Reported by Debra L. Beck, MSc; Presented by Eric Secemsky, MD, MSc.
Market analysis suggest that the peripheral atherectomy market in the US and globally is a healthy and growing one, said Eric Secemsky, MD, MSc, the director of vascular intervention at Beth Israel Deaconess Medical Center in Boston, Massachusetts, during AMP 2020 Virtual. In 2017, the market was worth 592.9 million globally, and it is expected to grow substantially in the coming years.
The market is dominated by directional atherectomy (Silverhawk and TurboHawk), followed by rotational atherectomy (Jetstream), with orbital atherectomy (Diamondback 360) and photoablative/laser atherectomy also showing healthy growth in the next five years.
“Each one of these devices have areas where they’re strong and maybe areas that they’re weaker in, but, while I would say this is important, it really feeds into part of the issue with trying to study these in large databases because there's so much variation and practice among users,” said Dr. Secemsky.
There is very limited trial data to support the use of atherectomy, with most of what we know derived from small, single-arm trials primarily performed for approval from the FDA, so the field is really forced to use real-world data to help guide device choice and usage, he added.
Based on Medicare data looking at the years from 2011 to 2014, utilization of atherectomy is up substantially for peripheral vascular intervention. “This really involves many vascular territories, in particular the below-the-knee tibialperoneal and femoropopliteal regions, where there are newer devices that have been developed to accommodate smaller vessels below the knee.”
Cardiologists and vascular surgeons are both large users of atherectomy devices, with radiologist and general surgeons registering only small amounts of use, said Dr. Secemsky.
Some of the best data on atherectomy comes from Jihad Mustapha’s 2019 article in Circulation: Cardiovascular Interventions. He noted. “What they did in this analysis was use Medicare data to examine over 36 million beneficiaries and they identified from these about 73,000 primary incident CLI cases. Once they applied their exclusion criteria, primarily focusing on CLI patients who had endovascular or surgical bypass treatment, they ended up with 36,000 cases. A matched analysis showed that those undergoing atherectomy had the lowest mortality through 4 years, as compared to PTA, surgical bypass, or stent placement.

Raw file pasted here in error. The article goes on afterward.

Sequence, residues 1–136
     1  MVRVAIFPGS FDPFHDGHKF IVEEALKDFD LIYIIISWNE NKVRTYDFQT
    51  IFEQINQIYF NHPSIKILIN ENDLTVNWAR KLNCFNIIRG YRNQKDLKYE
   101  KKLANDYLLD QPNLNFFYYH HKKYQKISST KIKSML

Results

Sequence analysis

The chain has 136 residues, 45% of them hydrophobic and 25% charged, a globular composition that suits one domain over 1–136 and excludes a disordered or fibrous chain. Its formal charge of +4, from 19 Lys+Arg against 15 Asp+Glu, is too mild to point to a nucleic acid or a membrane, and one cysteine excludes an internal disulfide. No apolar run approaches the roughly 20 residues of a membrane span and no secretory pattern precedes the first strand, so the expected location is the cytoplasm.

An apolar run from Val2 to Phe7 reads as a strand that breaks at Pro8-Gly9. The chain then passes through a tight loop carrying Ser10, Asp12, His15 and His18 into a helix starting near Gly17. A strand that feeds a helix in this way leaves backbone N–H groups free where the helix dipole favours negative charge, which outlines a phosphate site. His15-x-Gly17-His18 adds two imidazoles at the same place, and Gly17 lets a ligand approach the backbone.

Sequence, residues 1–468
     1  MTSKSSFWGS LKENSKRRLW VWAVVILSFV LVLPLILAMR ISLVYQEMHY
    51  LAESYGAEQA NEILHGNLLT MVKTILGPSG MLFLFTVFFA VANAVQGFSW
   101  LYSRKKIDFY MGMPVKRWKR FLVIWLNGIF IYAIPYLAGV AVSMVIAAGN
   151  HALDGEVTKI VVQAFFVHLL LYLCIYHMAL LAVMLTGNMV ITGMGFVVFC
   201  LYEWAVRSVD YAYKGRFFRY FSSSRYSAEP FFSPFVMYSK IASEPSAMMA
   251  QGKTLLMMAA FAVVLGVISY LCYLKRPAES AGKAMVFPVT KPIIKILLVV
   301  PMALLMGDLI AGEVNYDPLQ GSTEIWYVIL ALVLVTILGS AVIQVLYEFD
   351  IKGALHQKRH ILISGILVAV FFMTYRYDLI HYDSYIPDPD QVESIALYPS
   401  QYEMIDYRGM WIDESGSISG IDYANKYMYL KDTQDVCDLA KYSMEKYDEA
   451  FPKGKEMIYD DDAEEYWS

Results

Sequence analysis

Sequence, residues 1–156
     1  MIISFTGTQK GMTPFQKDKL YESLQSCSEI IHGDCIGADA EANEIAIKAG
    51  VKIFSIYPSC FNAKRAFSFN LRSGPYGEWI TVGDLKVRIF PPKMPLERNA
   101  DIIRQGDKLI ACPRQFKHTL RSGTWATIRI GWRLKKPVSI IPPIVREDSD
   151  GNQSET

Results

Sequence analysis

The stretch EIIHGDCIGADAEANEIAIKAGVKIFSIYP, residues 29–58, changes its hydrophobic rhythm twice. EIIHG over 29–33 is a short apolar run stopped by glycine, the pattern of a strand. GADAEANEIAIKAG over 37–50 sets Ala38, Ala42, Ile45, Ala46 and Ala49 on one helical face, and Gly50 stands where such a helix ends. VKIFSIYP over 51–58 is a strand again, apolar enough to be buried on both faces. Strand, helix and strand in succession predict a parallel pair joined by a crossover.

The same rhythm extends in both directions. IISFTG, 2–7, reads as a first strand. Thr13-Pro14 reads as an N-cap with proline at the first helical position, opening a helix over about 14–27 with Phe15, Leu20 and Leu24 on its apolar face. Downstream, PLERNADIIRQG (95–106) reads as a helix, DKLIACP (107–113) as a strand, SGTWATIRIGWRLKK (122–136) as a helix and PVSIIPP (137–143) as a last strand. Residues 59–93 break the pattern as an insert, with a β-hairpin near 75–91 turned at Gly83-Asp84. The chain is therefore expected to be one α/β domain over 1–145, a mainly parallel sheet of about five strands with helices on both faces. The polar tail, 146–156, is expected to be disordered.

“And just noting that in the CLI population, that mortality is up to 50 to 60% during the follow-up period, so these are patients who really have a poor survival prognosis based on just having a diagnosis of CLI requiring revascularization,” noted Dr. Secemsky.
A separate Medicare analysis by Niveditta Ramkumar and colleagues, this one published in 2019 in Journal of the American Heart Association, was less positive for atherectomy, showing a higher rate of major amputation or any amputation for patients who underwent atherectomy compared to PTA, but Dr. Secemsky noted the interpretation of the findings requires caution because the researchers looked only at atherectomy alone, without stenting.
“This is a specific population where only atherectomy was used as the definitive treatment,” he said. “These are unique patients.”
“My take home for this talk is that examining some of the market share and real-world data, we see that there is an increasing use of atherectomy during peripheral endovascular interventions, there's a lot of variation in use by operators, specialties and centers, and overall it appears that long-term safety outcomes appear similar among patients treated with different endovascular device strategies,” he concluded, adding that it’s important to gather more and better data on utilization and outcomes as this field continues to grow.